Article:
Under Vacants to Value, the city first evaluates whether a house can be sold to a private developer and rehabilitated, according to Housing Commissioner Paul Graziano.
Whether a rehab is feasible depends on where the house is located, Graziano said. The city is focused on finding investors to overhaul homes in 19 community development clusters identified around Baltimore.
In areas where the vacant homes are isolated, the city targets the property owners to compel them to rehab the houses through code enforcement and fines. The city also takes some property owners to court to force the structures to be sold at auction.
About 5,000 vacant houses are isolated among otherwise occupied blocks in 85 neighborhoods.
The majority of the vacants, about 10,000, are grouped together in desolate neighborhoods, he said. It is from this group that the city plans to demolish 1,500 houses in the next 21/2 years. To decide which ones to tackle first, officials consider factors that include community wishes and potential development.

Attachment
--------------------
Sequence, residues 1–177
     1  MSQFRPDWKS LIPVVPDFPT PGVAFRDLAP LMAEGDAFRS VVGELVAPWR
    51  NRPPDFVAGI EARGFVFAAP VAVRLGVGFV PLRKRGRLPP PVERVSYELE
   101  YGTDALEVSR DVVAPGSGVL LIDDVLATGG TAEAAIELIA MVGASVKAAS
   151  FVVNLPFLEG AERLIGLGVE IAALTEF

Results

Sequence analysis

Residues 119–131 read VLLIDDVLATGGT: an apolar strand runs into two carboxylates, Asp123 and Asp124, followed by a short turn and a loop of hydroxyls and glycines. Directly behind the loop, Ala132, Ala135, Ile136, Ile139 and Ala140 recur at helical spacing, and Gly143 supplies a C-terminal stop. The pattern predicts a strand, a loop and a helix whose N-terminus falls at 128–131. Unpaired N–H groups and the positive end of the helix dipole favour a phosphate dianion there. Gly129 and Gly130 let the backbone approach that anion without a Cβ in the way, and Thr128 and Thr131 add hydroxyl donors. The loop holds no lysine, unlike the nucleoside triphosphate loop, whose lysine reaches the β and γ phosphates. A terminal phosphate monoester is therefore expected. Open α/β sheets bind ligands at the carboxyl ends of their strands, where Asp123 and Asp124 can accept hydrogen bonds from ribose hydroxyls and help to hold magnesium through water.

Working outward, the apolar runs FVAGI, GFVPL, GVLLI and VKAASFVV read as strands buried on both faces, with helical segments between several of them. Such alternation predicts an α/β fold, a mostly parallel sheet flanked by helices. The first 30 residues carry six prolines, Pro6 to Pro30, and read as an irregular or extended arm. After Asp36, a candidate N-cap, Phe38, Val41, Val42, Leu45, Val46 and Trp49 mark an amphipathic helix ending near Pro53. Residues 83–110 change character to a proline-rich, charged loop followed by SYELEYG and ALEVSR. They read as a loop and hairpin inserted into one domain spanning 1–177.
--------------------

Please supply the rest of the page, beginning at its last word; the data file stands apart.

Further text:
Before the city can raze a block, officials must relocate any families left living among the empty houses, a process that typically takes a year. Finding new places for renters costs an average of $85,000, compared to relocating homeowners, which runs about $170,000.
"It's very sensitive work, and we have professional relocation specialists who work one-on-one to help people find what fits the needs of their family best," said Julie Day, deputy housing commissioner for land resources. "We love when they stay in the city, but they can go wherever they want. They can go to Alaska if they want."
The city spends an average of $13,000 to demolish a vacant house.